Arbitrators would have flexibility to consider a range of factors. This includes any relevant factors raised by the parties, but not the provider’s usual and customary charge or the billed charge. By explicitly prohibiting arbitrators from considering provider charges, the bill attempts to help limit any potential inflationary effects if arbitration leads to settlements well above the amounts insurers typically pay to in-network providers.
Optional factors that an arbitrator could consider include, among others, the level of training or experience of the provider or facility; quality and outcomes measurements of the provider or facility; market share held by the out-of-network health care provider or facility, or by the plan or issuer in the geographic region in which the item or service was provided; patient acuity and complexity of services provided; teaching status, case mix, and scope of services of the facility; any good faith effort—or lack thereof—to join the insurer’s network; and any prior contracted rates over the previous four years. Arbitrators would also be able to consider the median in-network rate paid by the insurer. Federal officials, in implementing the dispute resolution process, might opt to provide more guidance on the use of these factors in the future.
The same general factors would apply to air ambulance providers, with some adjustments such as the location where the patient was picked up and the population density of that location, and the air ambulance vehicle type and medical capabilities.
Interaction With State Laws
To date, 17 states have enacted comprehensive surprise billing laws, and another 15 states have more limited protections. The No Surprises Act would defer to existing state laws with respect to state-established payment amounts. Thus, if a state law already sets a payment amount for a surprise medical bill dispute (as many of the states with comprehensive protections have done), this payment mechanism would continue to govern disputes between insurers and out-of-network providers in that state for the fully insured plans they are able to regulate. Said another way, state payment standards would not be preempted or otherwise displaced by the No Surprises Act.
States would be free to pass surprise billing laws in future years as well, whether with a payment standard or arbitration that uses different criteria. Federal officials might be able to offer future guidance on the extent to which state standards can be used in place of the federal arbitration process.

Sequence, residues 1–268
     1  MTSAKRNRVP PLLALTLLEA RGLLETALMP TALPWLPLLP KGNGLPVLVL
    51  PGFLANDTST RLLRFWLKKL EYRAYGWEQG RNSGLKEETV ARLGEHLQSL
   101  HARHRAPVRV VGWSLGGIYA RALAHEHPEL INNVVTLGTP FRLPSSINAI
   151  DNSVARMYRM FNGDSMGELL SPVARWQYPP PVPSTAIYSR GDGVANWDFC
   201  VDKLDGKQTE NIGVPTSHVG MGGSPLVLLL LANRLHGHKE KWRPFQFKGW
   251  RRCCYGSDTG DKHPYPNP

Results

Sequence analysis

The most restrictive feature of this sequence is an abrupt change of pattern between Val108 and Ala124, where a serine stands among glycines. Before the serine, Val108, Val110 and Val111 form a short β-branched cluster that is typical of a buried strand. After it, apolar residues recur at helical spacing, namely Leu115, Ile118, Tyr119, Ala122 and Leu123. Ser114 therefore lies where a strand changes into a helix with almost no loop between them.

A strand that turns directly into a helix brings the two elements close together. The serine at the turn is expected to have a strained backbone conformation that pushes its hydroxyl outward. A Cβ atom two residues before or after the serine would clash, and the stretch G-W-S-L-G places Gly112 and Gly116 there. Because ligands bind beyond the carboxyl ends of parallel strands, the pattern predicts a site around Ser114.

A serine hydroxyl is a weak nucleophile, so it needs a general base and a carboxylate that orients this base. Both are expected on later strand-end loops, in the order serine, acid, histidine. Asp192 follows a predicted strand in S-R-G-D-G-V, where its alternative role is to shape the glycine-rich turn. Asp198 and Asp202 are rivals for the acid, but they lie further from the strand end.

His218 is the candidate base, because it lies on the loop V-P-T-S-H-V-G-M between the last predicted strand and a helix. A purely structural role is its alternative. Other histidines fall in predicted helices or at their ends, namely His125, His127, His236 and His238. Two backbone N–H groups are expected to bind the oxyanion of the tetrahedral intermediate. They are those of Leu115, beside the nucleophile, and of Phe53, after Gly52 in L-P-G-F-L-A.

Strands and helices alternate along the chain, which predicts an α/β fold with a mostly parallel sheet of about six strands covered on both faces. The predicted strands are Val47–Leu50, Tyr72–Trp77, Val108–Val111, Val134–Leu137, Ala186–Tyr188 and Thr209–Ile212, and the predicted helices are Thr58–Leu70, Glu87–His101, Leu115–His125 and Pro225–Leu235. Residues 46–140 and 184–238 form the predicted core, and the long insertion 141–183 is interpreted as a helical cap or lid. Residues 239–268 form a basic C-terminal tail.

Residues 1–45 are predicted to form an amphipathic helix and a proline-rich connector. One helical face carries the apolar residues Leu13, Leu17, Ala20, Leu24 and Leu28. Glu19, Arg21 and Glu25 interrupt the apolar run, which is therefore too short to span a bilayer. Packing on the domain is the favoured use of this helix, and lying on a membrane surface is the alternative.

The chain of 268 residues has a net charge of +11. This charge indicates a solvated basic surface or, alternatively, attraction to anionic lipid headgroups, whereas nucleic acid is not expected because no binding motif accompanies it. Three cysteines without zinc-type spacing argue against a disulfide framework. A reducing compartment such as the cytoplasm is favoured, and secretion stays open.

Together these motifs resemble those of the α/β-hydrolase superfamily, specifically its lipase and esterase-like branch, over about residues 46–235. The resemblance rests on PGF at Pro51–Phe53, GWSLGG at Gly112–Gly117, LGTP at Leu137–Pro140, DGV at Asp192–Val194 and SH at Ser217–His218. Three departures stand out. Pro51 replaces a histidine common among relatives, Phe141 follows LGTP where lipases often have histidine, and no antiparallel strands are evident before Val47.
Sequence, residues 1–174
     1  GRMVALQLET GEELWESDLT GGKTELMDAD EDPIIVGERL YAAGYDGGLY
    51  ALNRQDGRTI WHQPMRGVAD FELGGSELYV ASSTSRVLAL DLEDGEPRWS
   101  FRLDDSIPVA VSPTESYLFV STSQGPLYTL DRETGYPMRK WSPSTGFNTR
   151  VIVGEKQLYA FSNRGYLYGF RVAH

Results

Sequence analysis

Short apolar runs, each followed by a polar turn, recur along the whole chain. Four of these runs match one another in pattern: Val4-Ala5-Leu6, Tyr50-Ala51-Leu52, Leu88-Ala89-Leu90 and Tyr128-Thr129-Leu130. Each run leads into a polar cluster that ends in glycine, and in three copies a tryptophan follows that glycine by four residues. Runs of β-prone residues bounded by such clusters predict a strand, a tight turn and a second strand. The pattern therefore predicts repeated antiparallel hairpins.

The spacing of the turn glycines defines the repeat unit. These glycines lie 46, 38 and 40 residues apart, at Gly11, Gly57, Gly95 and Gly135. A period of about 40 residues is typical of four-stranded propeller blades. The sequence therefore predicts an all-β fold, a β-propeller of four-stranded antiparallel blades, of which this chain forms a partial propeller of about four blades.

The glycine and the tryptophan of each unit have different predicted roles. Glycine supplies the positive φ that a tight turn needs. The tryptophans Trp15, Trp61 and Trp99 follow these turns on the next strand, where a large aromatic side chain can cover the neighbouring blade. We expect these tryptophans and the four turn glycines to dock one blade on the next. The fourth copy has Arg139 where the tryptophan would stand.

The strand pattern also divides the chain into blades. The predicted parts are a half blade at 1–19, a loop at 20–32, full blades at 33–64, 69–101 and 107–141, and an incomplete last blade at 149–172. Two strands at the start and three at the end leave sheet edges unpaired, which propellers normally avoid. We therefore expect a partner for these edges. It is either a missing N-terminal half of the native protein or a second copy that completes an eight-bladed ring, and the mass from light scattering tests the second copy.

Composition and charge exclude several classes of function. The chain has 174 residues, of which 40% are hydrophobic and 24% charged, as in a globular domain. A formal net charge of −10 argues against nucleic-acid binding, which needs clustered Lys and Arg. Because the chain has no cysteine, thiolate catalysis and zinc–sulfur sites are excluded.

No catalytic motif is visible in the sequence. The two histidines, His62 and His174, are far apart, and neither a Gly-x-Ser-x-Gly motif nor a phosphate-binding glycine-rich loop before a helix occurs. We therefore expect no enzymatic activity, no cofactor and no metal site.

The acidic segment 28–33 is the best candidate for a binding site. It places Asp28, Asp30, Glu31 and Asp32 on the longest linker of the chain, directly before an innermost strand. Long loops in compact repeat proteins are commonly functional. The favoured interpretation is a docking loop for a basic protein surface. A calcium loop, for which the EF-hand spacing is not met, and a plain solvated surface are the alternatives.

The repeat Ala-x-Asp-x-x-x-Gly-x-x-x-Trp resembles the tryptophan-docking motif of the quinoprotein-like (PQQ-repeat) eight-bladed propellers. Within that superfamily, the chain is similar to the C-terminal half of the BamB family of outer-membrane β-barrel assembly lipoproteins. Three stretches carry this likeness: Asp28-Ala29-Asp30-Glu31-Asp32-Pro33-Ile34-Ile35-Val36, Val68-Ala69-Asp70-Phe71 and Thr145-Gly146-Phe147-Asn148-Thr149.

With respect to insurers and employers, the bill would adopt the same enforcement framework as the ACA and HIPAA: states would continue to be the primary regulators of fully insured health insurance products (with back-up enforcement by the federal government if a state fails to substantially enforce the law). The Department of Labor would continue to regulate self-funded plans.
With respect to providers, the bill would allow states to require a provider (including air ambulances) to comply with the new standards. If a state fails to substantially enforce those requirements, the federal government would step in to do so. This federal backup enforcement would allow the federal government to impose civil monetary penalties against providers of up to $10,000 per violation. Federal officials would also have to establish a process to receive consumer complaints on surprise medical bills.
The No Surprises Act includes many more provisions that are critical to protecting patients from surprise medical bills. For instance, providers would be required to provide uninsured consumers with a good faith estimate of costs before a health care service is delivered. If the eventual charges for the service were “substantially” higher than the good faith estimate, the patient could invoke the independent dispute resolution process to challenge that higher amount (although the patient might have to pay a fee to do so).
Federal officials would have to regularly report to Congress on the impact of the No Surprises Act. The Department of Health and Human Services, for instance, would have to report on the legislation’s impact on factors such as provider consolidation, health costs, and access in rural areas. The Government Accountability Office would have to issue three reports on issues such as the legislation’s impact on network adequacy and provider payment rates, as well as the independent dispute resolution process (including whether providers that use this the process have relationships with private equity firms).
Finally, the bill would provide funding to states to set up all-payer claims databases, make changes to current external review and continuity of care provisions, and require the Department of Health and Human Services to finalize rules related to provider discrimination (with the goal of preventing discrimination against providers acting within the scope or their license or certification).
Most importantly, the bill would remove the patient from the dispute process. Patients in emergency situations are especially vulnerable to the opaque and confusing nature of the health care system. The bill would prohibit surprise bills for all out-of-network emergency services, including air ambulance, and patients will pay in-network cost-sharing for these services. In addition, the bill would create safeguards such that providers and plans must give advanced notice of potential charges and network status.
- The “No Surprises Act” protects patients from surprise medical bills. The proposal provides that patients will only be responsible for their in-network cost-sharing amounts, including deductibles, when receiving medical care.
- The proposal takes important steps to moderate the impact of non-marketplace, government-set rates by using the median in-network payment rate only as one consideration within the arbitration process.
- The inclusion of an Independent Dispute Resolution (IDR) process will allow physicians to challenge unfair payments from health insurance companies. Importantly, this proposal improves physician access to the IDR process with the exclusion of a monetary threshold and the inclusion of “batching.” Further, the arbitration criterion takes important steps forward by ensuring that the process is fair and reflects the marketplace, by including consideration of previous contracting history among the factors the arbiter may consider.
- The start of the IDR process is appropriately aligned with the implementation of the prohibition on surprise bills. This alignment will ensure that physicians have access to a mechanism to address inappropriate insurer payments that is concurrent with the prohibition on surprise bills.